Dream big, work hard, be resilient
An overview of Communication Matters International AAC Conference 11 – 13 September 2022
By Charlie Danger @DangerOT
Charlie Danger is an Occupational Therapist at CENMAC in this blog he shares his visit to Communication Matters International AAC Conference that took place from 11 – 13 September 2022.
September marks a time in the diary for many AAC users, their families, and professionals, to gather in Leeds for the annual Communication Matters (CM) conference. As an organisation, Communication Matters is a registered charity and the UK chapter of the International Society for Augmentative and Alternative Communication (ISAAC). In addition to the conference, CM is involved in campaigning, establishing national standards, research, provision of small grants, publications and more. The Board of Trustees includes AAC users, suppliers, and professionals – including two who work here at CENMAC 🙂
It’s not all AAC
The conference is popular and busy, with many seminars taking place concurrently. One feature that draws the crowds is the large number of seminars that are delivered by AAC users and their families. This year I was fortunate to attend a session delivered by Greta McMillan, a successful Edinburgh-based artist who uses eye-gaze to create paintings, metalwork, and mini sculptures. She has recently become involved in filmmaking and has already won an award!
Greta has found herself a very inspiring & exciting art career, demonstrating the potential of what can be achieved through hard work, great support and the appropriate technology. Similar inspiration came from the keynote speaker, Richard Cave, who reported back on the latest progress in Google’s Project Euphonia and now Project Relate. For many years, people with atypical speech have been asking if there is a way for technology to recognise their dysarthric speech and convert this into a clear, digital voice. This seemed impossible until recently, with the forthcoming release of the Project Relate app which will do exactly this, all from simplicity of an Android smartphone.
Also to be found at the conference are the many teachers, speech and language therapists, occupational therapists, clinical scientists and technologists that work hard in the NHS, CENMAC and the charity organisations to ensure that AAC meets the needs of users and that its constantly improving. There were many fascinating presentations designed to help us improve our work and keep us all in the loop of what is going on in the UK and beyond (from as far away as Israel, thank you Dana Cappel!). I found myself presenting to a packed room on my own research into the use of aided language stimulation in English classrooms, and it was great to overhear people discussing my findings in various corners around the conference afterwards 🙂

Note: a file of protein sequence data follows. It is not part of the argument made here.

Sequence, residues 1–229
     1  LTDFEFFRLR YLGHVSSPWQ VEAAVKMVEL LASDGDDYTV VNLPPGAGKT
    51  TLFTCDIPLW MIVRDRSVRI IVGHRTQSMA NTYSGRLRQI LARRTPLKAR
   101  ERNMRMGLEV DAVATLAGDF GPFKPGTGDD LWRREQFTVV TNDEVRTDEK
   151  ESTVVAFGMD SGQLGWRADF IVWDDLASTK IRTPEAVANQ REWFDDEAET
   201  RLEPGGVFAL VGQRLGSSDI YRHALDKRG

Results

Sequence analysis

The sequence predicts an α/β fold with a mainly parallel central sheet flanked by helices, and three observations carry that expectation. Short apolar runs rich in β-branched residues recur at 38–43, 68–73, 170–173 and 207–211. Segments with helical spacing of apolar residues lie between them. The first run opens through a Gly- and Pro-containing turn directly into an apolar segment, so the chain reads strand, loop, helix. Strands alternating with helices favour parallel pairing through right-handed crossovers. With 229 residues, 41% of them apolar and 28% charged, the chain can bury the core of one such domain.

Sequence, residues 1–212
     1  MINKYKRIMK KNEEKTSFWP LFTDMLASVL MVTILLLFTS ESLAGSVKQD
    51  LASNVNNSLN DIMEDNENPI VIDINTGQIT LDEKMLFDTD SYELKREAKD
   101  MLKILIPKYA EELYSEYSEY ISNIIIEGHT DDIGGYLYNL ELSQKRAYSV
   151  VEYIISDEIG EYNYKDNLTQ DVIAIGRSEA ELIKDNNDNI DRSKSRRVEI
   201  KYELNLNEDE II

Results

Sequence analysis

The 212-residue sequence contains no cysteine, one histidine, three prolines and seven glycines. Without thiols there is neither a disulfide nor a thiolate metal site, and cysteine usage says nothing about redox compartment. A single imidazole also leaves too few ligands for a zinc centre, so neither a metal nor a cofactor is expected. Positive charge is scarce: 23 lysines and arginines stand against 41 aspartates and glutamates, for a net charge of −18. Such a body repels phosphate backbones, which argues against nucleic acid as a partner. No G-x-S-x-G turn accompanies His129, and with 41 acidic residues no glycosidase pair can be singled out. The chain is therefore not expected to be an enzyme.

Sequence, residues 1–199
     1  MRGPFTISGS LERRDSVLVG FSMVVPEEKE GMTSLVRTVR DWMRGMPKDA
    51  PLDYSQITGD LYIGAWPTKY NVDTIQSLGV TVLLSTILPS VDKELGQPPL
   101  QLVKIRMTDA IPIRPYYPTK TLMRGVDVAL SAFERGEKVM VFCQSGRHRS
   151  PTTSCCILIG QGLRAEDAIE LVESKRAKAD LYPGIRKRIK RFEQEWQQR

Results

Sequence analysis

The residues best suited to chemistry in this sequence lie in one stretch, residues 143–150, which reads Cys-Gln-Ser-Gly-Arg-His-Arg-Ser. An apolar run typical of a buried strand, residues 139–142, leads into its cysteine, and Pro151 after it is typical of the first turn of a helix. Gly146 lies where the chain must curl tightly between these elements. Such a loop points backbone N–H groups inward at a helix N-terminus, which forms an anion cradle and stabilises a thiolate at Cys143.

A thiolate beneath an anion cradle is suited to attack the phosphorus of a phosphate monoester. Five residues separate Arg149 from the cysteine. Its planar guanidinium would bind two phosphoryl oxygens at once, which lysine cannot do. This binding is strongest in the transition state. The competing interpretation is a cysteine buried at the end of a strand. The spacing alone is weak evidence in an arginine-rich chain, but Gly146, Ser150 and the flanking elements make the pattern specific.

The exhibition hall is filled with the latest technology from the suppliers who have been busy making substantial improvements over the last year. Some notable new tech relevant to my role at CENMAC includes the new motor-planning based vocabulary for TD Snap, a major voice banking upgrade to MindExpress 5, the addition of Universal Core 36 symbols to Sensory Guru’s Magic Room, and the Rehadapter speech-generating iPad case that supports eye-gaze and head-pointing. The suppliers don’t just make and sell AAC stuff, though, their expertise is also brought into many of the seminars including a very interesting look at vocabularies and (inadvertently) Gestalt Language Processing from Becky Martin of Smartbox.
For many people the reason to take the journey to Leeds is to catch up with similar-minded people and remain excited about AAC for 48 hours straight. The CM team are great at pulling people together and encouraging networking through the exhibition hall, the dinners, a disco, trips to the bar and the fancy dress competition. This year the Scottish Centre of Technology for the Communication Impaired (SCTCI) won the prize for best fancy dress – something most of us predicted given their method acting approach to wombling.
It’s usual at the end of a conference to feel full of new knowledge, ideas and optimism for the year ahead. Communication Matters took this feeling to an extreme this year by ending the conference with a plenary by a Paralympian, Beth Moulam. She shared her story from little girl to world class athlete and drew parallels between her paralympic challenges and opportunities and those that AAC has provided her. A fascinating story which gave me and my good friend Ruth Williams lots to discuss on the long train journey home. I leave you with the words of Beth “Dream big, word hard, be resilient”.
See you next year!